What is the actual biological difference between mice and rats? Are they actually the same thing with two different names depending on appearance (are they all mice for instance and we call the larger ones rats or vice versa) or is there some fundamental difference in their genetics?
Mice (Mus) and rats (Rattus) are definitely separate species, by whichever definition of species you choose to use. They are genetically distinct, and both genera are members of the clade Muridae, along with Acomys ("spiny mice") and Gerbillus ("gerbils").
Moreover, what we call colloquially "mice" and "rats" encompass a great deal of variation within rodents. The genus Mus is one of several subgenera with ~15 species.
A recent phylogenetic study of rodents by Blanga-Kanfi et al. (2009), revealed that Mus and Rattus are sister groups, meaning that each is the other's closest relative. The image below from the paper above shows the complete tree. Muridae is about 2/3 of the way down in blue.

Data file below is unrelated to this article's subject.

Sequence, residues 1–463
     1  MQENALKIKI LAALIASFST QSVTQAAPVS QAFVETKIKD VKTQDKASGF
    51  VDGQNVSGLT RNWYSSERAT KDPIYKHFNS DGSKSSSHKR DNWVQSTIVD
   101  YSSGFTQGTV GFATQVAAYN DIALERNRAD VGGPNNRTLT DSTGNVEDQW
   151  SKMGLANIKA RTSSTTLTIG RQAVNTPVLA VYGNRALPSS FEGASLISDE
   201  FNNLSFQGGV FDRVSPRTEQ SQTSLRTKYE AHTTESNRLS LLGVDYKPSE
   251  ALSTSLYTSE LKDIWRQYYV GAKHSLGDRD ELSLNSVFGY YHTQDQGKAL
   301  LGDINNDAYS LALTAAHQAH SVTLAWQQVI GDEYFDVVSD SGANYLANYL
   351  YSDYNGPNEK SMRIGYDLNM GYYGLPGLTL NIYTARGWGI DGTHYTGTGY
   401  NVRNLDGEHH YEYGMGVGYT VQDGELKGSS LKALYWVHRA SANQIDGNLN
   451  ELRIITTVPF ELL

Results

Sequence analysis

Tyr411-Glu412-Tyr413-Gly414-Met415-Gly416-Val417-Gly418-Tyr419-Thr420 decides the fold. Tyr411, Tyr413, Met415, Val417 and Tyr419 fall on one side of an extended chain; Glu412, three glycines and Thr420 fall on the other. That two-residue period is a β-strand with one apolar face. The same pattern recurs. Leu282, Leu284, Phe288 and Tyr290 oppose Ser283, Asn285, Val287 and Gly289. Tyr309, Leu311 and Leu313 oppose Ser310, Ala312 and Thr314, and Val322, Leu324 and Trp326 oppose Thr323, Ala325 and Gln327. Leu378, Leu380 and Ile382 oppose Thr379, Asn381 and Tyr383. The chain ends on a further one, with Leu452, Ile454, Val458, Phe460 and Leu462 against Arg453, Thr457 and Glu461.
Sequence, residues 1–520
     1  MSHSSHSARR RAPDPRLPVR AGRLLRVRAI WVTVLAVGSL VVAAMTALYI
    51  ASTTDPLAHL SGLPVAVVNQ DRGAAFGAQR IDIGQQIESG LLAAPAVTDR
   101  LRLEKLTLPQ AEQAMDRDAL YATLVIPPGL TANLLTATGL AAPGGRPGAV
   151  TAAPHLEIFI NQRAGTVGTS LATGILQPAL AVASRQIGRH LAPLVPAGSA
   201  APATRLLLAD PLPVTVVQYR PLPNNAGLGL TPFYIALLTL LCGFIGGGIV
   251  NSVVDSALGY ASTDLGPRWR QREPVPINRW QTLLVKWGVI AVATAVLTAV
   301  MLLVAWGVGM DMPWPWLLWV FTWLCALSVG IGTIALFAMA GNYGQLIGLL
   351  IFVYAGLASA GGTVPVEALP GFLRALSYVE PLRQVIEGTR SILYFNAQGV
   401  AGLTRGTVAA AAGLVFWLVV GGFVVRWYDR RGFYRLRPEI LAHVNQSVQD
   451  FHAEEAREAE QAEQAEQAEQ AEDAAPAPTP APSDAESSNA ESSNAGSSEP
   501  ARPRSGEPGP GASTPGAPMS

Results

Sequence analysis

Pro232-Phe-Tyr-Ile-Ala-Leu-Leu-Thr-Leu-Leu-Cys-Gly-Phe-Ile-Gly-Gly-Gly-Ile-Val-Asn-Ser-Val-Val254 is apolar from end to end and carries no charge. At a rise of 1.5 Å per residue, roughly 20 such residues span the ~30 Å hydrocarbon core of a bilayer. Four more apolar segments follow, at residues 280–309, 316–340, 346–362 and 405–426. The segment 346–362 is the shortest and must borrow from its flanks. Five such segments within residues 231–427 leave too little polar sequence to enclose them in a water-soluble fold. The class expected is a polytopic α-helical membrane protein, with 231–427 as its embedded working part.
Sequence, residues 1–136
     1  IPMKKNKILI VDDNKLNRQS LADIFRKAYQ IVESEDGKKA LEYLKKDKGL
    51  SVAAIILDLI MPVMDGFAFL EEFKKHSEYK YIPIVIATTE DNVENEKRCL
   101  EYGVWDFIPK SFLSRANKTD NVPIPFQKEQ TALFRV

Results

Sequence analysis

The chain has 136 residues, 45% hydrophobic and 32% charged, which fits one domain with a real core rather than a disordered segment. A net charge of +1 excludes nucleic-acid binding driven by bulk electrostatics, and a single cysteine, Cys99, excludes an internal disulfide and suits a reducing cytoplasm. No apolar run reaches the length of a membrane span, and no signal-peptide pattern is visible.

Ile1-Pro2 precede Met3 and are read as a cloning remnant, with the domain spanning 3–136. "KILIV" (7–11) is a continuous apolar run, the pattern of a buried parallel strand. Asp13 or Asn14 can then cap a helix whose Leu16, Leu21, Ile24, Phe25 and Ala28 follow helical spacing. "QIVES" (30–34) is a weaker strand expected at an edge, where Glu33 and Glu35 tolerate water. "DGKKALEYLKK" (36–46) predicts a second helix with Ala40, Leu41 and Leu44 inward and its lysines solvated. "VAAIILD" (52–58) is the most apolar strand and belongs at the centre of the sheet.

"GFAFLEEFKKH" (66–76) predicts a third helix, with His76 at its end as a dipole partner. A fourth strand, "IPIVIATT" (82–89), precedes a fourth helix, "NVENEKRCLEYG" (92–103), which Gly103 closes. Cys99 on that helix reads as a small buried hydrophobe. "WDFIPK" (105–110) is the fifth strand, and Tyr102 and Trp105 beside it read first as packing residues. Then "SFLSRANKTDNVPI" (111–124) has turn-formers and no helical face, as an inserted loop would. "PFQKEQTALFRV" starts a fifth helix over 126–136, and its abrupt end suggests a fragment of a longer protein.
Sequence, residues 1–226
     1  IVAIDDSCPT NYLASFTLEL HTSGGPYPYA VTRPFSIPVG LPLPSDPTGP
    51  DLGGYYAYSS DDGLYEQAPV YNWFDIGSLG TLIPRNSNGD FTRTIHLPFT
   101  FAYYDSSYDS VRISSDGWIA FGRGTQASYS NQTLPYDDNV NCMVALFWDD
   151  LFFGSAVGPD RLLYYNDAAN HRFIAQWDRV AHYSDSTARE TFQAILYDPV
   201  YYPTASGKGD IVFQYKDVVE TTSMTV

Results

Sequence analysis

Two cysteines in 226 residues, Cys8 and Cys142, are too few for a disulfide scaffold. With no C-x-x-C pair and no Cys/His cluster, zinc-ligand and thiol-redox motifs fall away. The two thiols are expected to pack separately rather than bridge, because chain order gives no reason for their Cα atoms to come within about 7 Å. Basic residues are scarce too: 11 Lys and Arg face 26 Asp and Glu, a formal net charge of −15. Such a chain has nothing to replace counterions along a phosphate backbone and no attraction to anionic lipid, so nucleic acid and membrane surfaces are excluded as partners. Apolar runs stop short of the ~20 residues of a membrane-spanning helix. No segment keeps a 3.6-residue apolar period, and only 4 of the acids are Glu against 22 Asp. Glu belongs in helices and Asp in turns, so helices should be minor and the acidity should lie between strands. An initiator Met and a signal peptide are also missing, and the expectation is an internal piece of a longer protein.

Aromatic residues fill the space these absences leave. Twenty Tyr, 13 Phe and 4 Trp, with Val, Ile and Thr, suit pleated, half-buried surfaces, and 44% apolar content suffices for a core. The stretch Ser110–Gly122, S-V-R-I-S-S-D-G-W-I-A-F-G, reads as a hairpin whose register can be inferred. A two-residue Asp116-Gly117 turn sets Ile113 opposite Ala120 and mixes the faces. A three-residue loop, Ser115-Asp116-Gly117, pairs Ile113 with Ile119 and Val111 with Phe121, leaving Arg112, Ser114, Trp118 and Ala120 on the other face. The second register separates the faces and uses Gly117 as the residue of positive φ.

True rats and mice are rodents that constitute part of the subfamily Murinae in the family Muridae. The Old World house mouse is Mus musculus, the brown rat is Rattus norvegicus, so they are members of two different genera in that family. It is estimated that they split from a common ancestor 12-24 million years ago. Just to put that in perspective, the rodent lineage (including rats and mice) and the primate lineage (apes, monkeys, humans) diverged about 80 million years ago.
You can read an NIH News Release about the rat genome here, which is my source for these divergence times.
The names 'rat' and 'mouse' are also used in the names of many other, more distantly related, rodents such as mole rats and dormice.
Added later: Response to @rwst comment under the OP. Here is a relevant quotation from the NIH source that I cite above: